Count it all joy
Oklahoma softball players offer joy as an apologetic
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The University of Oklahoma Sooners softball team recently won the NCAA Women’s College World Series—again. As a matter of record, they have now won the championship three years in a row, and in reaching this milestone the dominating team has accomplished a truly amazing feat. When an ESPN reporter asked three Oklahoma players how they kept their joy under the pressure of a long season, infielder Grace Lyons made a beeline to the gospel: “The only way that you can have a joy that doesn’t fade away is from the Lord. And any other type of joy is actually happiness that comes from circumstances and outcomes.”
Now, it’s typical to see an interview like this and think how wonderful it was for such a bold Christian witness to get the limelight.
But we should take note of the interview, not just for its boldness, but for the powerful Christian argument it expressed. What should make us stop and appreciate the profound answer provided by the ballplayers? The answer is simple: The Christians linked joy to the gospel and in doing so presented a powerful apologetic for the Christian faith.
The young athletes could have easily said something more usual:
“We just play our game, one game at a time.”
“We keep our eyes on the prize.”
“We just believe in ourselves.”
“It’s all a matter of blocking out distractions and noise.”
“We’re simply there for one another through the ups and downs.”
“We have a great coaching staff.”
However, with grace and eagerness and gospel-centeredness, there was no beating around the bush here. Jesus was the reason. These ballplayers didn’t have to provide even a hint of Christianity in their answers. They could have reveled in self-glorification, yet these members of the Oklahoma softball team intentionally chose to take another route. They understood the stakes in today’s society, and they chose to provide the ultimate answer for the hope that is within them.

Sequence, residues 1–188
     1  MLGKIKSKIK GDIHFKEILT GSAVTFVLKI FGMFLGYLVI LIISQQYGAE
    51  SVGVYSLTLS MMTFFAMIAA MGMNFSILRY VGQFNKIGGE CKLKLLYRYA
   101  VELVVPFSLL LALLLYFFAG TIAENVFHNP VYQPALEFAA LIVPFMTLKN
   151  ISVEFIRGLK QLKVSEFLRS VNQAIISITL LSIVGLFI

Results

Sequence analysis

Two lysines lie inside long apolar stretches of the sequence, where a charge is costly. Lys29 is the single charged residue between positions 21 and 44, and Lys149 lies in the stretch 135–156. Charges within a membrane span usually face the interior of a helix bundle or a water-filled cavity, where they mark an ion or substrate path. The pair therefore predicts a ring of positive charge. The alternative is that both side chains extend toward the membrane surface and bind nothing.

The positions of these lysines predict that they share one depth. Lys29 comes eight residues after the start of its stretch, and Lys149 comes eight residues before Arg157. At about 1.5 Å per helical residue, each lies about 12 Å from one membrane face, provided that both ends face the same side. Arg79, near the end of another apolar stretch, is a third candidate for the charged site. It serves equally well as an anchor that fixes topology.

But it wasn’t merely the factual truth of the gospel that was on display here. In fact, it was the conduct of the Oklahoma Sooners players that caught the attention of bystanders. The way we conduct ourselves as Christians truly matters. People are watching and noticing the peculiarities of Christian conduct—things that truly stand out in society as different. In a world of political, socioeconomic, racial, and ideological polarization and hatred, Christian joy stands out as different.
Player Alyssa Brito stated: “This game is giving us the opportunity to glorify God.” No matter what our vocation may be, or wherever we may be in this world, whether we eat, or drink, or whatever we do, we should do it all to the glory of God.”
The joyful disposition that these ballplayers choose to display is not merely joy in the heart, but joy that is exhibited and evident for all to see—even to an ESPN reporter in a press conference. Joy is powerfully deployed as an apologetic.
As Christians—as those called to be light and salt in our low-sodium world—we so often choose to let our circumstances weigh us down and suck the joy out of us. Yet, there is a lesson to learn from these collegiate athletes. These women on a college softball team, whether they win or lose, understand that softball and sports is not the end of the world. Softball is not their identity. Even to win a NCAA college championship, there is no real fulfillment in such a great, yet fleeting, achievement.
We do, in fact, need to keep our eyes up and live joyfully. In a fallen world, it’s very easy to walk in discouragement. It’s very easy to become pessimistic and believe that all is doomed. However, that’s just not true. Jesus is alive and we have a good and gracious heavenly king who rules with righteous, eternal leadership in our lives. Evil is not winning. In fact, the days of sin and death are numbered and heavenly joy truly awaits those in Christ.
Just because the gospel is true, live like it. Choose today to live in joy. Keep your eyes up. Show the world what a Christian looks like.
These daily articles have become part of my steady diet. —BarbaraSign up to receive the WORLD Opinions email newsletter each weekday for sound commentary from trusted voices.